Someone recently asked me about games in which the player is involved in the story as a co-author rather than as a protagonist, and this is the list I came up with (plus a few others that I thought of after answering the initial request):
Witch’s Yarn — a graphical point-and-click rather than text-based, but you’re picking which props/characters you want to bring on stage next. Eons ago I did a review of it here. I think there are interesting procedural narrative things they could have done with this premise, but mostly in practice it came out as a series of puzzles instead. (Still interesting and unusual, though.)
First Draft of the Revolution — my own, so take the recommendation with a grain of salt, but it’s an interactive epistolary novel in which the player revises the letters between characters before sending them. This tries to get at some of the internal experience associated with choosing your words carefully, and the reasons the characters might want to be honest, assertive, crafty, vague, etc.
13 Minutes of Light is also an interactive epistolary story, this time in Ren’Py: you are a man in a long-distance relationship with a woman who has gone to work on Mars, and can communicate only by physical letter. I found it implausible that physical letters, with their attendant mass, would actually be cheaper to send to Mars than other forms of signaling — but that’s the premise, and it allows the interaction to spool out over long periods of time. Over the course of the game, you select which of several passages to include in your letters, and these provoke different reactions from the girlfriend — whereas First Draft is more about exploring character mentality, 13 Minutes of Light is changing stats based on what you say. I wish it were a bit longer: it feels like the points of conflict between the protagonist and his girlfriend are only really starting to develop when the game ends, and I would have enjoyed exploring at more length. But as this was created for a game jam, its brevity is arguably not that surprising.
Elegy for a Dead World — it’s explicitly about giving writing prompts and getting the player to fill them in: there’s no fixed story or characters at all. Finished stories can be shared with other players (an option 18 Cadence also offers), so there’s a sense of using this as a writing exercise for those who need practice, or a constrained creative tool. It doesn’t go as far for writing, I’d say, as Become a Great Artist in Just 10 Seconds does with art, but there is in both cases a sense of necessary limitation.
Renga in Four Parts — interactive poetry that makes use of the player’s input to guide how the poetry comes out.
Pale Blue Light — alternates parser and freeform input and reuses some of the freeform input text in an interesting way towards the end of the story. This is definitely a limited effect rather than something that runs through the whole piece, but I thought it was interesting.
Al Otro Lado — a not-very-well-loved trad parser game that asks the player to come up with the room descriptions, while the game spits out common commands. It’s a cool concept in theory, but in practice demands a lot of the player without delivering that much in return.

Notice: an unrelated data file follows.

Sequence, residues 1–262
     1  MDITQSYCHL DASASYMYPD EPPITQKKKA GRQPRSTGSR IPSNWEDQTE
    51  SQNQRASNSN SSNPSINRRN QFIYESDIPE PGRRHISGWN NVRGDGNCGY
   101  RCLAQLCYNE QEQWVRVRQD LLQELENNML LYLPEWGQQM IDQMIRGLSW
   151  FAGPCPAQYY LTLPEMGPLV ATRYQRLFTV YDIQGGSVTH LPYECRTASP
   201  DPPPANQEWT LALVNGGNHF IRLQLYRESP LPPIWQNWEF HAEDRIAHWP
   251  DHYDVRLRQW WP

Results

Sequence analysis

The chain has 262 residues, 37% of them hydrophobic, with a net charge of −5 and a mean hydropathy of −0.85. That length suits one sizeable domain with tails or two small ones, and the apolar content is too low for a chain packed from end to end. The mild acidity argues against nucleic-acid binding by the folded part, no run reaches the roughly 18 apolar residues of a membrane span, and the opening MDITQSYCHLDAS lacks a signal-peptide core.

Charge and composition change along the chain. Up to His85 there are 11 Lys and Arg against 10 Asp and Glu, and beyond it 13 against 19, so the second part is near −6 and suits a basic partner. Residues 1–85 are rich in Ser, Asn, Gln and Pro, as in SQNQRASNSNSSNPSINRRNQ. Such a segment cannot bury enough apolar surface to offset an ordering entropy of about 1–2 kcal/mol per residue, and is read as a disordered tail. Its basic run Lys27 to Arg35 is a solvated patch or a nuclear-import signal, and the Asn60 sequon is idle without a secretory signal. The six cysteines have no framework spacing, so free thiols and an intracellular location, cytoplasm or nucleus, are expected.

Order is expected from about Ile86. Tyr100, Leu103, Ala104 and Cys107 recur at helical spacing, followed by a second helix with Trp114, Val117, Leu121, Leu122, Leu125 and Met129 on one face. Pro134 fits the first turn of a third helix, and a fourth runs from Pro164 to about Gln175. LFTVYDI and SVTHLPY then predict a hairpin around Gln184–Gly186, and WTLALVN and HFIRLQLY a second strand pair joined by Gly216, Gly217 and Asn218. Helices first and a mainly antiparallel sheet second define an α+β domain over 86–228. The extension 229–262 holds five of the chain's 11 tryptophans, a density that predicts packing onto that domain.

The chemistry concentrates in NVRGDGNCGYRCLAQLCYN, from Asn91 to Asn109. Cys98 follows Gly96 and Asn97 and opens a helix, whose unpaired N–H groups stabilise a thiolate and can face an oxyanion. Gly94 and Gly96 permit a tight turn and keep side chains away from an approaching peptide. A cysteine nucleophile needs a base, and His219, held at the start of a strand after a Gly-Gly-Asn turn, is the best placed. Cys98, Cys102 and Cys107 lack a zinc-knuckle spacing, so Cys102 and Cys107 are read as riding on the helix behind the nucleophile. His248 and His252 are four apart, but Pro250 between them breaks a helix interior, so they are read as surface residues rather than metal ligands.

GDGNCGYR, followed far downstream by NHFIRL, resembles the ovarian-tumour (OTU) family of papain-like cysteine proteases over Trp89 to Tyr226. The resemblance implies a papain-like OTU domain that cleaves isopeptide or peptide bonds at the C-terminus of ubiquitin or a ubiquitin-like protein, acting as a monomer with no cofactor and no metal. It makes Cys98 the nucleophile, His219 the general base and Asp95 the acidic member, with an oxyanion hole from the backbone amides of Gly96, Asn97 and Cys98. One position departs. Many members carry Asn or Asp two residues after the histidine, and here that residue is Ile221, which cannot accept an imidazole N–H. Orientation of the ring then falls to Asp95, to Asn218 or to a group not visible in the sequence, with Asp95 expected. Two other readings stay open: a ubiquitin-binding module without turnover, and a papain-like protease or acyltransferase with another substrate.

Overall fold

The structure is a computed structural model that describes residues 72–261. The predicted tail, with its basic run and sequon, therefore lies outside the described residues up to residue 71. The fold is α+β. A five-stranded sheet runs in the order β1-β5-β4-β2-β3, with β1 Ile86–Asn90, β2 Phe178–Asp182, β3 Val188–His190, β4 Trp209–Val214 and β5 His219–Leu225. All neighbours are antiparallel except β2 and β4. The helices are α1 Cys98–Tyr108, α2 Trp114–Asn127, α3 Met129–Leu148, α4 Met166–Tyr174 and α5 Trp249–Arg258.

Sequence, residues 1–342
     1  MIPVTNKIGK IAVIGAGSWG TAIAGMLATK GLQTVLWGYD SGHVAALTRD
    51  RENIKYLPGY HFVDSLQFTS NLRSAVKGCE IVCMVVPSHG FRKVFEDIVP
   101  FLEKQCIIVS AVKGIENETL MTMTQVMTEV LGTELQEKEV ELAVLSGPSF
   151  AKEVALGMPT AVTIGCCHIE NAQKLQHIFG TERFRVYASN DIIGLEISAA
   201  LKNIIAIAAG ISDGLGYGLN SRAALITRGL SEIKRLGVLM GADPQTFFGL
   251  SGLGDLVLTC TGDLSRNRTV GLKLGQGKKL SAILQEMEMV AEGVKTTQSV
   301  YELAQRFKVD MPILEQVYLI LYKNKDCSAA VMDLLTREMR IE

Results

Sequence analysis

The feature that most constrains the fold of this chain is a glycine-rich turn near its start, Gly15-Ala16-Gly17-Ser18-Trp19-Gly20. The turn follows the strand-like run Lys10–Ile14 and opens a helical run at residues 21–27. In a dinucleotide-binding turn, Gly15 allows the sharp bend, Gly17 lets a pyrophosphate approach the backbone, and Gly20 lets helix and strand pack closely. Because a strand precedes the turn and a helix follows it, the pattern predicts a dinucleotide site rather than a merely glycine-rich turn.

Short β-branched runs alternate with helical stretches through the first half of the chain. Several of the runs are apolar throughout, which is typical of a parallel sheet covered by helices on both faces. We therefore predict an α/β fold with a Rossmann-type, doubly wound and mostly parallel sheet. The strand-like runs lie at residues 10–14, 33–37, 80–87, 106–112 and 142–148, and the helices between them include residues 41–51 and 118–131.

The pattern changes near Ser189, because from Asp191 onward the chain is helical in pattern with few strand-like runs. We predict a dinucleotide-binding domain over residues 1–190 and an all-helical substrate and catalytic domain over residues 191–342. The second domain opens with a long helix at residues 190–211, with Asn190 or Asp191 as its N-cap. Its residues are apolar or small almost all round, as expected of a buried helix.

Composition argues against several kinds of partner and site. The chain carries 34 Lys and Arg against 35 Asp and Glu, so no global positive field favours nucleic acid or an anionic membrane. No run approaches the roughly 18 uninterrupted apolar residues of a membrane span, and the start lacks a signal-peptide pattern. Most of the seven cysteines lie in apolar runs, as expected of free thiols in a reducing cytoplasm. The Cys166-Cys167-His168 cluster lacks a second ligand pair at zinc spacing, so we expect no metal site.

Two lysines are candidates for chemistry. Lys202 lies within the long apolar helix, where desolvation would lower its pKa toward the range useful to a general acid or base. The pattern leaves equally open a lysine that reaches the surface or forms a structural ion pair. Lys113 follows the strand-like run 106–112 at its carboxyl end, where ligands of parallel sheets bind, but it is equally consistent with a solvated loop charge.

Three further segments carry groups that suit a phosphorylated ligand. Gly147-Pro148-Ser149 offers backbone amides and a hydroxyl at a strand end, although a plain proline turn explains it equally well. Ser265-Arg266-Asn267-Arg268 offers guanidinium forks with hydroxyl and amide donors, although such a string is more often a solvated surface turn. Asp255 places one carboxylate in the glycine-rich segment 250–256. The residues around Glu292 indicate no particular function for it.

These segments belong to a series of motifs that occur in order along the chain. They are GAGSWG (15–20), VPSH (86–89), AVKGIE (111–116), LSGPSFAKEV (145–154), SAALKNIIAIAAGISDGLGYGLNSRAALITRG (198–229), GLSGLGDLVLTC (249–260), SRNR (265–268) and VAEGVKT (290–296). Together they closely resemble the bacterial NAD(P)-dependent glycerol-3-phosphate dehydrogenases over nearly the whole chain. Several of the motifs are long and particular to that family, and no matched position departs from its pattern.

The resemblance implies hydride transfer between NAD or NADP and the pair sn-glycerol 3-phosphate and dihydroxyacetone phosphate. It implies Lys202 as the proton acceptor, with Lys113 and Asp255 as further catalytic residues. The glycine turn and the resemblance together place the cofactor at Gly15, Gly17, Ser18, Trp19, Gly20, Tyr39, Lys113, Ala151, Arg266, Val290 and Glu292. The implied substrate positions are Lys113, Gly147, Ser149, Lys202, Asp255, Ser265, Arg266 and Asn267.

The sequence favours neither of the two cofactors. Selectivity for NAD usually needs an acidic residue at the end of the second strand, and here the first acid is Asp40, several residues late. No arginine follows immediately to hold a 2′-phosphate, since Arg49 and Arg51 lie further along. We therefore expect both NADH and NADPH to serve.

Ice-Bound — maybe not surprising that this is also an Aaron Reed co-production, but it’s partly about helping an AI piece together a novel, by placing different symbols and concepts into the story space. The symbols allow the player/author to help decide on the theme for the work as well as specifying which actual events to make happen. It’s possible to see the short-term effects of your decision before you lock it in, which invites playing with different plot threads before settling on any one direction.
Both Framed and Strip ‘Em All are comics in which the player moves panels around in order to achieve the desired outcome. These are narrative puzzles: for the most part, you don’t get to change what happens so much as unlock the one correct reading. Framed also has the defect (at least, I think it’s a defect) that most of the puzzles are spatial challenges about getting one character not to catch another, which is so much less fun than what I envisioned happening with this mechanic.
Storyteller — this is a long running work in progress by Daniel Benmergui in which the player can put objects into the panels, and the game will write captions to describe what must be happening. If the created narrative fits the pattern required by that level, then the puzzle is solved and the player can move on. This mechanic is more literal, for the most part, than the one in Ice-Bound: you’re not generally inserting “the concept of ambition” or anything along those lines, and even themes like “love” arise because you’ve combined two potential lovers in a frame. At the same time, it’s rather more flexible and expressive (most of the time) than the panel-moving mechanic of Framed and Strip ‘Em All. It’s not available to play yet, but Benmergui’s dev blog tracks what is going on with the piece, and he recently did a twitch broadcast demoing the gameplay.